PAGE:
The classical OAuth flow involves the authorized 3rd-party client magically accessing the end user's resources without even specifying a user name or id, for example:
How can the server figure out which resource to return ? The answer is that the request will have an Authorization header with an access token key and in OAuth 1.0 the token needs to get the information about the end user authorizing a given 3rd party consumer associated with it at the authorization time.
With this association in place, the server will have an easy way to get to the name or id of the user used to authorize the client, and the way to do it in soon to be released CXF 2.5.1 is documented here.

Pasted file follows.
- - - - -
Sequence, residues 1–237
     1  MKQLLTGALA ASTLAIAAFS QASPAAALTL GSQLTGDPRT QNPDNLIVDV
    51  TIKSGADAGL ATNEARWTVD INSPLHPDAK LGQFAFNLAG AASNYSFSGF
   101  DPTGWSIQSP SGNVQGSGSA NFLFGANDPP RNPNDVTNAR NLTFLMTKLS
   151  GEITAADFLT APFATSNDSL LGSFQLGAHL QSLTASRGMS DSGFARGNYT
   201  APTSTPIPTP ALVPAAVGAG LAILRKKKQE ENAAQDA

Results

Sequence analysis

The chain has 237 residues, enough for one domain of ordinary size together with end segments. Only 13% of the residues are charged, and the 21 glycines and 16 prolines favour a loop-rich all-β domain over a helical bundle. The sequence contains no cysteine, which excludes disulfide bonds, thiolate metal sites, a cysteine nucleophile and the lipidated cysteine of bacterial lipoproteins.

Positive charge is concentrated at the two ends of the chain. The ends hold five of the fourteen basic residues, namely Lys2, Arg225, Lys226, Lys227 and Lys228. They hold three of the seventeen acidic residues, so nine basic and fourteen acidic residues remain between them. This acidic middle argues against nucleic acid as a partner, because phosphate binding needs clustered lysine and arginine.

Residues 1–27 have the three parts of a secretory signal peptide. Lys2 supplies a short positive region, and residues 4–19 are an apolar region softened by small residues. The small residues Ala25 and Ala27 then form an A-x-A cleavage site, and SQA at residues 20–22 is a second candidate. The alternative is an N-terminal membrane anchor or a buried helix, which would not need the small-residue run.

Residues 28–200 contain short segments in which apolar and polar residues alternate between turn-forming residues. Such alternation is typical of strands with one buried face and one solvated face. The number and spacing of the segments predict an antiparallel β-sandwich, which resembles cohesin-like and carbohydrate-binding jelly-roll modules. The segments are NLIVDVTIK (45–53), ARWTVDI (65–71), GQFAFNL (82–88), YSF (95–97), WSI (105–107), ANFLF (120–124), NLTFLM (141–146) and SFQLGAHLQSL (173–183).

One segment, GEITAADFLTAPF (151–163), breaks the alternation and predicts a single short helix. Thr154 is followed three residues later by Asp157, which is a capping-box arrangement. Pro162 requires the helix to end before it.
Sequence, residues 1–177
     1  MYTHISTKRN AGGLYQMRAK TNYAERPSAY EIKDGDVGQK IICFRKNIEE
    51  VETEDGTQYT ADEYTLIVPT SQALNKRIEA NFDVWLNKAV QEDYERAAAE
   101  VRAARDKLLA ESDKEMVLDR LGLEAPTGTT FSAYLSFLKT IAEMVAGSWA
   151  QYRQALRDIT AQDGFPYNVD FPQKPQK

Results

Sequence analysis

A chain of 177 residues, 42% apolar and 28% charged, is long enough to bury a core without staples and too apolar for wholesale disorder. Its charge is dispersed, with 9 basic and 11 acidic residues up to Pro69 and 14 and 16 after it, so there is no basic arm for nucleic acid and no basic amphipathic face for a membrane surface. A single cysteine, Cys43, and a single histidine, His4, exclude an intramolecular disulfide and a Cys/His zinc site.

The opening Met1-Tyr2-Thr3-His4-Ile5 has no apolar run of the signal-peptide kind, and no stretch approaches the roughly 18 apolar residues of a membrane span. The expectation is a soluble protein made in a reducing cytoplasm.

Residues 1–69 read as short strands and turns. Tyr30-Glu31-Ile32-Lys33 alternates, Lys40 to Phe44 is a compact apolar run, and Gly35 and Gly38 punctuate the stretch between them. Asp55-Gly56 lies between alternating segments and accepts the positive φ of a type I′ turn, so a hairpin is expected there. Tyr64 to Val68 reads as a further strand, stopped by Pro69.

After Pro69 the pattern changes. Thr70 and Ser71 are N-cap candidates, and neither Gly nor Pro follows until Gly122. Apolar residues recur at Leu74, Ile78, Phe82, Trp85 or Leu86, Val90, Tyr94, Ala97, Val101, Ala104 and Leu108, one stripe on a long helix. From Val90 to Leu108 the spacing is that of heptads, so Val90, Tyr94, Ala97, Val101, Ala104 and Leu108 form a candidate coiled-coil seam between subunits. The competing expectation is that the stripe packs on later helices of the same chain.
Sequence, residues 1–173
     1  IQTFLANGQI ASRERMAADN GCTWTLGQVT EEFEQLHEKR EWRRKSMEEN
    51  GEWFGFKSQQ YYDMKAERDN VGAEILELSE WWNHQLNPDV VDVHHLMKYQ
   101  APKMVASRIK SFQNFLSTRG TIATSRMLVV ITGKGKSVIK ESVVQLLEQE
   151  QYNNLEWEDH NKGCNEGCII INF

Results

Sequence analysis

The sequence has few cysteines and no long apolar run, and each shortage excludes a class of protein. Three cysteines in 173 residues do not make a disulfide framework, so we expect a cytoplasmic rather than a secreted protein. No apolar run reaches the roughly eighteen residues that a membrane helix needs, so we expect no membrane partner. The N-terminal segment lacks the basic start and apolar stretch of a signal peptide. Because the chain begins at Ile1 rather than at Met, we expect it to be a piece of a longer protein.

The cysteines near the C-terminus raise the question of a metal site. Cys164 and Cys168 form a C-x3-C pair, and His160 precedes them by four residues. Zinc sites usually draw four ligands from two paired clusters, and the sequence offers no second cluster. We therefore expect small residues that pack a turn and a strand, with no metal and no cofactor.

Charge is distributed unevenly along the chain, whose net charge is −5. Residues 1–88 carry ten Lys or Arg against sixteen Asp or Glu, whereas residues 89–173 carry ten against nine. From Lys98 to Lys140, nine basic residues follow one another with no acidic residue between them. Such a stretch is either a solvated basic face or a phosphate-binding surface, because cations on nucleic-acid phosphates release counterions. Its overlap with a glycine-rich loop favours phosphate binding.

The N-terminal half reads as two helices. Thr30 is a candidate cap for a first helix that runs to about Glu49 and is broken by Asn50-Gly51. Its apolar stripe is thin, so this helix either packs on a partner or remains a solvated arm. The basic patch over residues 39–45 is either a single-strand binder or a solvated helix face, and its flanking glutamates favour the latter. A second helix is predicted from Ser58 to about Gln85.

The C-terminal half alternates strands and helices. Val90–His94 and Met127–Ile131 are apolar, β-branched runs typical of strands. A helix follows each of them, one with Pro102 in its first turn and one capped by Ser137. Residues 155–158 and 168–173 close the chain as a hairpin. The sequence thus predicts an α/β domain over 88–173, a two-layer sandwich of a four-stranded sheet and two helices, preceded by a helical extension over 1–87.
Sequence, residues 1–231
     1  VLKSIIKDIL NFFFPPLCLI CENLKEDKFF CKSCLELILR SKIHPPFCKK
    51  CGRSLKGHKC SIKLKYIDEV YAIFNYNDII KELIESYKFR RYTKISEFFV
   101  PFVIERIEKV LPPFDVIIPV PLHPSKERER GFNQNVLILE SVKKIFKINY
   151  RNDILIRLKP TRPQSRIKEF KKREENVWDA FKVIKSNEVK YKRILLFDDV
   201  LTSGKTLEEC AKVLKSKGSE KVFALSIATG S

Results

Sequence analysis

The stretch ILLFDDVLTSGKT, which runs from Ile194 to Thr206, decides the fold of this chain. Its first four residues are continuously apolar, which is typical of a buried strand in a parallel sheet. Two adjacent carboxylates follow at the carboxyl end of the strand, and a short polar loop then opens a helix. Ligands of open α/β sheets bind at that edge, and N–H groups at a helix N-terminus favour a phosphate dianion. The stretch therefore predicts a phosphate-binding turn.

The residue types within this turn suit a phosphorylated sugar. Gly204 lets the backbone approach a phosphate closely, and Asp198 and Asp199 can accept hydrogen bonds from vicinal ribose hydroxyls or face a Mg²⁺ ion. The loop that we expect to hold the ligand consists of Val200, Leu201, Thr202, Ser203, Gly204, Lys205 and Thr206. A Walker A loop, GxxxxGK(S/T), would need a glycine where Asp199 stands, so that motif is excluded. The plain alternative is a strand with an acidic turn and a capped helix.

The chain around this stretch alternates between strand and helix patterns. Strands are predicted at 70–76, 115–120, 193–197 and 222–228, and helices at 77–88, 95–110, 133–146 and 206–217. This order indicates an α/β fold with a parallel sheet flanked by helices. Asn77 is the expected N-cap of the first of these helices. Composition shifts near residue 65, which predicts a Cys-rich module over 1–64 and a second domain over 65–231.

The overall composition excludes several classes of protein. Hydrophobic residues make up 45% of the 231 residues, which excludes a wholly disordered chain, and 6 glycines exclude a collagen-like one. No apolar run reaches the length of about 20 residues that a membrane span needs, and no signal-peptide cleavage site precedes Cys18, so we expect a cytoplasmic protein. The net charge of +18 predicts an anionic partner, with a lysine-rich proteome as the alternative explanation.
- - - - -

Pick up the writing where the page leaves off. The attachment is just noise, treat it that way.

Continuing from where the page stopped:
I'd like to thank Glen for helping me with getting this enhancement done.
We are continuing working on the demo which will show most of the CXF OAuth support in practice. Please stay tuned to see how you can write secure OAuth applications with CXF :-)